“Democrats will bang the drum this year: 1) to keep government open, 2) raise the minimum wage (with midterm ballot propositions), 3) keep unemployment insurance going, however marginal, 4) defend to the death the sanctity of Medicare and Social Security, 5) urge immigration reform overdo for decades, and 6) take pot shots at the open Citizens United spigot. Most will gingerly endorse climate change and gay rights. This campaign only has to be bold enough to dramatize the rightwing contradiction of spending billions to get elected to government, then methodically gumming up the works to prove that government is the enemy.”
Left out is the relationship between the economy and jobs and income inequality. Andy Stern, speaking at Town Hall in Seattle on January 7, 2014 in a talk entitles “Innovation and the Future of Labor” presented a much more complex dialogue that is emerging and that progressives are talking about. What’s happening is that the “economy” is growing but growth in jobs and wages are not. The issue is not just raising the minimum wage, which is important, but in ensuring that all Americans share in the economic growth, not just the top 1% or 2%.
Stern noted that 11 million jobs were lost since 2008 and only 8 to 9 million have come back. And while GDP has gone up by 50% and profits have gone up 70%, wages have gone up only 4%. The profits have gone to the very wealthy at the top, not to the average wage earner. Since the recession started low wage jobs increased from 24% to a majority now.
Many factors have contributed to this but one Stern spent time discussing was the continued increase in the use of robots. The real emerging issue here is as there is less and less need for human labor how do you provide economic support to the masses of people who really can’t find work through no fault of their own. It is not because they are lazy and want to leech off the employed. Our nation is undergoing a real transition in the nature and composition of its workforce and citizens economic livelihood as a result.
Republicans are not addressing these issues at all, falling back on outdated moral righteousness outrage and blaming government overspending and placing blame for issues like unemployment on the victims. Democrats, while increasingly concerned about the profound changes occurring, need to also update their basic understanding of what is happening and work for solutions to address the new economic reality facing our society.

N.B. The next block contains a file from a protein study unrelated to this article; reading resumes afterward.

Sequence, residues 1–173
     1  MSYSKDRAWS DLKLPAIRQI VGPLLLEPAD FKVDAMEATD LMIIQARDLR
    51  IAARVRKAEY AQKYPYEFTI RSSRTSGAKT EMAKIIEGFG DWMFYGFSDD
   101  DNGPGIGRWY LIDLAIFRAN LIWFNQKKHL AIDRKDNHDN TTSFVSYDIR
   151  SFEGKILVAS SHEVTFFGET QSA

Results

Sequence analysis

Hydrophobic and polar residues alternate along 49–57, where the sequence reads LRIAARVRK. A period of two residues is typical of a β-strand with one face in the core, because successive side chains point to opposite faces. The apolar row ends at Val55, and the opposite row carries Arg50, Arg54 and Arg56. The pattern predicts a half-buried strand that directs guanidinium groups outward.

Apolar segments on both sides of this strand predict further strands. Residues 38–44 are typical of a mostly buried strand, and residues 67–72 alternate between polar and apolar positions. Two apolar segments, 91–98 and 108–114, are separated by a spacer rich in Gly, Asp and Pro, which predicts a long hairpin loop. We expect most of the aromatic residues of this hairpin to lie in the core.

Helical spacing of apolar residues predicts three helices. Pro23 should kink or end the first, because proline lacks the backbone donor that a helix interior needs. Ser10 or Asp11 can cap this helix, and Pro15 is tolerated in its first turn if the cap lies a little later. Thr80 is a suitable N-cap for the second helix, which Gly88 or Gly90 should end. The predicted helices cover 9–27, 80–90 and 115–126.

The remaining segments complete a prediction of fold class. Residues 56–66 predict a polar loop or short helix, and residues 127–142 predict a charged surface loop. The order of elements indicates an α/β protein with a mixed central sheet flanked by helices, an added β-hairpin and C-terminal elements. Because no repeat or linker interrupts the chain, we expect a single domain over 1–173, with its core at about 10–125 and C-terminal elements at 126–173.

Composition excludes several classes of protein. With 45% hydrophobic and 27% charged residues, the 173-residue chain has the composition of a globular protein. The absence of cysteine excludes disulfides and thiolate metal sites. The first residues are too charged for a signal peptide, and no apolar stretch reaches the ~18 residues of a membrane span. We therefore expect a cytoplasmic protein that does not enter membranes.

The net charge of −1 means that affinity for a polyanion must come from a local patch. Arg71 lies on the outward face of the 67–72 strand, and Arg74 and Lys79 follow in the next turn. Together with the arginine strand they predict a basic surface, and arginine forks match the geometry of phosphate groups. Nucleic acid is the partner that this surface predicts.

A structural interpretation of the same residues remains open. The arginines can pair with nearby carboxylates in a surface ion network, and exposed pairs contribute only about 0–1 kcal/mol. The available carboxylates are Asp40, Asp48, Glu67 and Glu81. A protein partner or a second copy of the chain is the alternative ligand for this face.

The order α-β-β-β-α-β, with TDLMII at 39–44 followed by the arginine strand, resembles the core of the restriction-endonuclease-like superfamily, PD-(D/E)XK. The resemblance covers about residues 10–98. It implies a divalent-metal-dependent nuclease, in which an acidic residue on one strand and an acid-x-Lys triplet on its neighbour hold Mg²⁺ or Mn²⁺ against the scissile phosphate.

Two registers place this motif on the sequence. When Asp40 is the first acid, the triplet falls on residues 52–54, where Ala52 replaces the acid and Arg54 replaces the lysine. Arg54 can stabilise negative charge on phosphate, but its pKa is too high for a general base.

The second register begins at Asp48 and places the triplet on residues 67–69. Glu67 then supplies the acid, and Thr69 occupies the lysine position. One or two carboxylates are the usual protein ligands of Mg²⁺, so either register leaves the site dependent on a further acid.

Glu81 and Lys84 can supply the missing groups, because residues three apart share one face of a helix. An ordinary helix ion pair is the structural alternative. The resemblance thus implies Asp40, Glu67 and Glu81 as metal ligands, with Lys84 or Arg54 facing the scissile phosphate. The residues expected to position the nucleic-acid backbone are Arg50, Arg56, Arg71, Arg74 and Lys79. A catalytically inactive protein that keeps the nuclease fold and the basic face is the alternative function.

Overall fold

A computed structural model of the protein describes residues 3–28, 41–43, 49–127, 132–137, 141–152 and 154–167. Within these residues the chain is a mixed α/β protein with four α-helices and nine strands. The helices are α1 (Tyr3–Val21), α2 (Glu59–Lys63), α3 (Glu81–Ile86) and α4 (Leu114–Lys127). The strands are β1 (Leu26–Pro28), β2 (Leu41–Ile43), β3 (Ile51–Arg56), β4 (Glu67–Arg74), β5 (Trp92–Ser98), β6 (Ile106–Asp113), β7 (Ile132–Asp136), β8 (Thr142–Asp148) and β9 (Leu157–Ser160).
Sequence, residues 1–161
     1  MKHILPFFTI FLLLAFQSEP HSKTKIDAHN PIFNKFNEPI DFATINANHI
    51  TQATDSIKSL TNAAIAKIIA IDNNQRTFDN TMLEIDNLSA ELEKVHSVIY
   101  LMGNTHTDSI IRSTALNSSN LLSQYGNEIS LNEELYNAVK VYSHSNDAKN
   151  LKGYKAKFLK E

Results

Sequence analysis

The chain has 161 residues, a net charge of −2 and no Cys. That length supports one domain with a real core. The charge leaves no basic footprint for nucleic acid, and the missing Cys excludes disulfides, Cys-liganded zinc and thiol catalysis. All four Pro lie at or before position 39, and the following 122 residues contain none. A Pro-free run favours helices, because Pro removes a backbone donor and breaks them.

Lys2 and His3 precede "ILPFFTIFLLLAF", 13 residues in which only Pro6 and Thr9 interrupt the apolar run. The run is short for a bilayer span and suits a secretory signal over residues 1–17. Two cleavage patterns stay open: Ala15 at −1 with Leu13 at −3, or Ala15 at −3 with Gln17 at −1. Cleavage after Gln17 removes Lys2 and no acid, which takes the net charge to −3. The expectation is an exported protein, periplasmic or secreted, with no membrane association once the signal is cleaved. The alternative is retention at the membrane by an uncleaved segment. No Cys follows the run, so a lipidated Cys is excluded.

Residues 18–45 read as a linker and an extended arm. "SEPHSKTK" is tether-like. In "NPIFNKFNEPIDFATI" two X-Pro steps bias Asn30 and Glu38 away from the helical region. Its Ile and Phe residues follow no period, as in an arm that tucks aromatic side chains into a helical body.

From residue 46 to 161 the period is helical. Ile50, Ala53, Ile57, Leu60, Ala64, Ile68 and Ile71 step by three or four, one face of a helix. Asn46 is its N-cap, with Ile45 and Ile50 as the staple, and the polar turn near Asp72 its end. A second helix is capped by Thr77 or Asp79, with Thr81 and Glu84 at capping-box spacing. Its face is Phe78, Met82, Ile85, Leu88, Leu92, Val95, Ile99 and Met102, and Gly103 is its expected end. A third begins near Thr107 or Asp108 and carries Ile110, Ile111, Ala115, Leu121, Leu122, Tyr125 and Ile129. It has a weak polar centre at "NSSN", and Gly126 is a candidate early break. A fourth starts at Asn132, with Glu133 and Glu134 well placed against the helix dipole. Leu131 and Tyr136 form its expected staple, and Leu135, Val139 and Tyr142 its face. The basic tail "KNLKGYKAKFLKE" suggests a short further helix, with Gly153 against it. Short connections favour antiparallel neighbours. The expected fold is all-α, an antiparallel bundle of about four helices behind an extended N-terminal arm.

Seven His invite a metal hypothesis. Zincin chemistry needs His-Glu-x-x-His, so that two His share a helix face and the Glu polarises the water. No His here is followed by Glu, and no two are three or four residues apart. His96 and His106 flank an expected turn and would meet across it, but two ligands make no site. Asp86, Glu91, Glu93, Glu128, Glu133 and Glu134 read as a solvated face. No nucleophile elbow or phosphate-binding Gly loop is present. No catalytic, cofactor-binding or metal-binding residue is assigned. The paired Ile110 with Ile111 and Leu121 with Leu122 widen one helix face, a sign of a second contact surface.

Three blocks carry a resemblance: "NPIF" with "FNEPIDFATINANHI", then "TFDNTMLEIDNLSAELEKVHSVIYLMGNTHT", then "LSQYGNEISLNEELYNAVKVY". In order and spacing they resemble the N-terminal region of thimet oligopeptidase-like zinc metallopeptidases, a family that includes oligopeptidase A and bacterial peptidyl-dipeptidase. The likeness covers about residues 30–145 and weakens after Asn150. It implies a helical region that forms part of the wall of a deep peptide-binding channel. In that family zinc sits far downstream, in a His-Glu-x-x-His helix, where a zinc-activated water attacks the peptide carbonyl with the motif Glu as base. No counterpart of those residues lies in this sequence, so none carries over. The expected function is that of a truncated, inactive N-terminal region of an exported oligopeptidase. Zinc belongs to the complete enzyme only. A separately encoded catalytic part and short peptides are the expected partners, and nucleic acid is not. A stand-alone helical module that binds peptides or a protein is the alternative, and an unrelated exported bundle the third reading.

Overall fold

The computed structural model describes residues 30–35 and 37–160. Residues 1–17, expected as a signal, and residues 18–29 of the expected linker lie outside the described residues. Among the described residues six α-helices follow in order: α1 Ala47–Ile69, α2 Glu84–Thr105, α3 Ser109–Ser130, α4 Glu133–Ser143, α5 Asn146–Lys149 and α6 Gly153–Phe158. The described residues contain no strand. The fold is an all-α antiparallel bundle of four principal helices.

It is a challenge for all of us but we need to start finding solutions soon. Our economic reality of increased joblessness, decreased wages for most Americans despite economic growth, drastically growing income inequality, increased pressures on many citizens ability to meet basic human needs, and the loss of real opportunity and equality for most citizens to better their economic security is increasingly affecting the future of our nation and its citizens.
Democratic Senator Adam Kline of the 37th LD has announced that he will not re-run this year for the Washington State legislative seat he has held for many years. He has been a staunch advocate on many progressive issues and will be missed. In particular, unlike many other Legislators, he was willing to publicly oppose Tim Eyman’s many attempts to be Grover Norquist’s surrogate in Washington State. Eyman would repeatedly say government was wasting money and pushed initiatives to gut government funding by opposing taxes of any kind. Kline demanded Eyman publicly say what programs he thought should be cut and Eyman never responded, choosing instead to hide behind empty libertarian anti-tax rhetoric.